Offline JamesAPrattIII

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I must add to this
The Russian Revolution really shook up King George V he blamed it mainly on Alexandra not his friend Nicholas II

At this time 1917 England had a new PM David Lloyd George. To put it mildly he and King George V didn't get along very well during the WW I years.

As for Queen Mary nobody ever refered to her as the beloved Queen Mary. Being German didn't help in 1917 England where anti-German feeling were running high

In 1917 England there was a lot of anti-government feeling . People were accusing King George V of being disloyal ect. Hence the name change to Windsor.

Offline Maria Sisi

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I must add to this
The Russian Revolution really shook up King George V he blamed it mainly on Alexandra not his friend Nicholas II

At this time 1917 England had a new PM David Lloyd George. To put it mildly he and King George V didn't get along very well during the WW I years.

As for Queen Mary nobody ever refered to her as the beloved Queen Mary. Being German didn't help in 1917 England where anti-German feeling were running high

In 1917 England there was a lot of anti-government feeling . People were accusing King George V of being disloyal ect. Hence the name change to Windsor.

Out of interest how well did George know Alexandra? Everybody knows the closeness between George and Nicholas, due to their mothers being sisters, and the holidays and Denmark. But we also know a lot of Alexandra visiting England, especially after her mother died. I don't know the years of George's traveling, as a school boy and as a naval officer, but surely they saw some of each other. And even then he would have heard family talking about her in person and correspondence. After all she almost became his sister-in-law!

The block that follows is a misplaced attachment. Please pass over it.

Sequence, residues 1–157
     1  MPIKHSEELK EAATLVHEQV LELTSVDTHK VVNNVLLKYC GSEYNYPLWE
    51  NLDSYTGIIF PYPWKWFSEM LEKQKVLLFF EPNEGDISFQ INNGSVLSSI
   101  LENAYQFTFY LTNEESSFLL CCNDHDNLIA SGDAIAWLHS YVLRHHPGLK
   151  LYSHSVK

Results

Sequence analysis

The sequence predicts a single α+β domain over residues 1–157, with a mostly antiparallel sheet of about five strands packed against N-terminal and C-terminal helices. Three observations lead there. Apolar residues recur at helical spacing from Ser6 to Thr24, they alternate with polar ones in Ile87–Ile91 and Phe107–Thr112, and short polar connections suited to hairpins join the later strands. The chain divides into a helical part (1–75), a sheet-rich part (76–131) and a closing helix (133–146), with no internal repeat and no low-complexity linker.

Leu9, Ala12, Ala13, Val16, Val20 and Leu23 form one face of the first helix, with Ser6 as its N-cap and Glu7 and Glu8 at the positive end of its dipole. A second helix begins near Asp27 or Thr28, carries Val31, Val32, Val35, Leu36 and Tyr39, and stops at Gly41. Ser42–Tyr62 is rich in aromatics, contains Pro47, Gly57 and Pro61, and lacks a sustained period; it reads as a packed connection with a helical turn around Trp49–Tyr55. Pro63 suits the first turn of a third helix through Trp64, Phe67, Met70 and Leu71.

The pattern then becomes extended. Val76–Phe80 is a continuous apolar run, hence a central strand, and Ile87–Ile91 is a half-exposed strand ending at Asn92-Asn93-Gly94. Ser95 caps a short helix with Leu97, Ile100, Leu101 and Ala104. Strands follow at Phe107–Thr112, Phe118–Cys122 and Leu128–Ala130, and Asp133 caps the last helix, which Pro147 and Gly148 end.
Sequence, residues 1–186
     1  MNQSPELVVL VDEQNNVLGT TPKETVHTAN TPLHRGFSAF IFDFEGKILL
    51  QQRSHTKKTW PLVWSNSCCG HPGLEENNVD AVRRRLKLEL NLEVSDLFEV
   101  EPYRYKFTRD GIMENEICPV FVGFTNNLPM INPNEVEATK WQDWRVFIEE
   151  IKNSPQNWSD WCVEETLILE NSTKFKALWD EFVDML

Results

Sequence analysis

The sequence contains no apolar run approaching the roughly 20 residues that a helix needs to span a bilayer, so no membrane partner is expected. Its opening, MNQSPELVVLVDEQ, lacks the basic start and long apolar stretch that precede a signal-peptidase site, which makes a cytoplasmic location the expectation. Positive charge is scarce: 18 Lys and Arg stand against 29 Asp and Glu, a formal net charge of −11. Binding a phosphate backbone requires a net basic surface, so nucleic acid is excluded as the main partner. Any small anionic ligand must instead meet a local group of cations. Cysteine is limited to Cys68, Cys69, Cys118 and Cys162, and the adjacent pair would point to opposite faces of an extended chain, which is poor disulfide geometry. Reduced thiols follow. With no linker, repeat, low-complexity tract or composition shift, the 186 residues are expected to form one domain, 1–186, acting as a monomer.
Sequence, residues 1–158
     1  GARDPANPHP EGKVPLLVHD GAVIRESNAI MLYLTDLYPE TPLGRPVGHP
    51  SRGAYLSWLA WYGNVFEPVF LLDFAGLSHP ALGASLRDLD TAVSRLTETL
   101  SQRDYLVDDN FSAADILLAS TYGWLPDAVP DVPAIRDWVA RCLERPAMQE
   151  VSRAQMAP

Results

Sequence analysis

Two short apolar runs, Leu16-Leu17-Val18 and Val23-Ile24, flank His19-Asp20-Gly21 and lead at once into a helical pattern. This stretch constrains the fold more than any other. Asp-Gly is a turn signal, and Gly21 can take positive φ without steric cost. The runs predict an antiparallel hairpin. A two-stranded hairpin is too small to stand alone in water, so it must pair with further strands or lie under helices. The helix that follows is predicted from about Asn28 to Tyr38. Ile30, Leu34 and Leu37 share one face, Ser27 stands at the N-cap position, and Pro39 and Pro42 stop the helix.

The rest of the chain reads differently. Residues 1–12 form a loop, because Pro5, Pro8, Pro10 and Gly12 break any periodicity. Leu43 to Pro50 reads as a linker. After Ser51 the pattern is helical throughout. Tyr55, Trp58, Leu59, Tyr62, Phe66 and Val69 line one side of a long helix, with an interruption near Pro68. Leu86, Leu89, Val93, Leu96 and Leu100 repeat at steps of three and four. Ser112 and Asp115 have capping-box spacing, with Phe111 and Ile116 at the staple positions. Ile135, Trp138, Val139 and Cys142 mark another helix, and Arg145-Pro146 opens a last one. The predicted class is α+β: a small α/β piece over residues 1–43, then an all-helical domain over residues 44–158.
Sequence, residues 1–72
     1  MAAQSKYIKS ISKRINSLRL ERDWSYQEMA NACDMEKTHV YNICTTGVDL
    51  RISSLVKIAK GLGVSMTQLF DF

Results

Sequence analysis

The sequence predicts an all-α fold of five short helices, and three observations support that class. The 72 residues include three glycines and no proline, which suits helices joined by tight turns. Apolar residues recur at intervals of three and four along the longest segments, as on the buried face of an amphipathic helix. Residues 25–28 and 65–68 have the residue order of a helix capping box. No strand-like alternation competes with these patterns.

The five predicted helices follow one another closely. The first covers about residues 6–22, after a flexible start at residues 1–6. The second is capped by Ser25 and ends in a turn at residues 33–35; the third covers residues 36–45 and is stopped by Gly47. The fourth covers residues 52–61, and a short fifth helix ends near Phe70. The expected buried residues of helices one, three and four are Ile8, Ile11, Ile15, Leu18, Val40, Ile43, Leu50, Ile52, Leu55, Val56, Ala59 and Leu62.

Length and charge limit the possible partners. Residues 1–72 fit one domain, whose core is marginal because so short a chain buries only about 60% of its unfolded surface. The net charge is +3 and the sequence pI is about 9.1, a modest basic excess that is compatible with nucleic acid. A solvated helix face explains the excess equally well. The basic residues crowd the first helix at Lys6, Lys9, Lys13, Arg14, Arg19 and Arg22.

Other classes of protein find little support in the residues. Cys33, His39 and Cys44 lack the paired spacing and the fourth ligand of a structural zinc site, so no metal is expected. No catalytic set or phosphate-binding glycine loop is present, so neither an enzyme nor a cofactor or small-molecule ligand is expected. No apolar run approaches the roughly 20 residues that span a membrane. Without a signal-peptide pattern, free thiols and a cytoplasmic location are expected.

So they weren't super close and being different genders makes it all different but still. I just find it odd that, as family, George couldn't absolve Alexandra just as he did Nicholas. Surely when he saw all the reports, facts and street gossip, from Ambassador Buchanan, George would know enough about Alexandra to say, "Oh poor Alicky. Somewhere along the way she lost her way, how terrible" just as he said "poor Nicky. He always had his heart in the right place and meant well." Instead he blames her for EVERYTHING, as if he believed every report and knew nothing about her.

When other family members talk you get almost the same tone as well. Sympathy and sadness for Nicholas and some sympathy but lots of scorn added in for her. I don't even think Marie Antoniette was that toxic among the foreign royals. 
 

Offline Kalafrana

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I think it is only fair to mention that Lady Colin Campbell (the title comes from a very brief marriage - barely a year - to the younger brother of the then Duke of Argyll) is primarily known in this country for peddling scandalous titbits in the guise of biography. One of her dubious claims concerns the Queen Mother's maternity. According to her, the Countess of Strathmore was desperate for another child (after having eight!), but couldn't have any more, and the Earl duly produced the Queen Mother (and later her youngest brother) with the family's French governess.

It would be worth having a look at James Pope-Hennessey's biography of Queen Mary to see whether the Tecks spent much time at Darmstadt, but I rather think not. Queen Victoria was certainly fond of her cousin Princess Mary Adelaide, and Alexandra and Queen Mary presumably met from time to time in England as girls, but I doubt that Mary had much opportunity to be 'mean' to Alexandra. First, five years is a big age difference, and, second, I suspected that Alexandra was distinctly cossetted at Victoria's court. Maybe Mary once called her a spoilt brat, brat I can't imagine anything more than that.

Ann

Offline Kalafrana

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I should have said that I didn't think Alexandra would have had much opportunity to be 'mean' to Mary, rather than the other way round, by reason of the age gap if nothing else.

As to family views of Alexandra, Princess Marie Louise, who was the same age, was fond of her, but clearly thought her misguided.

Ann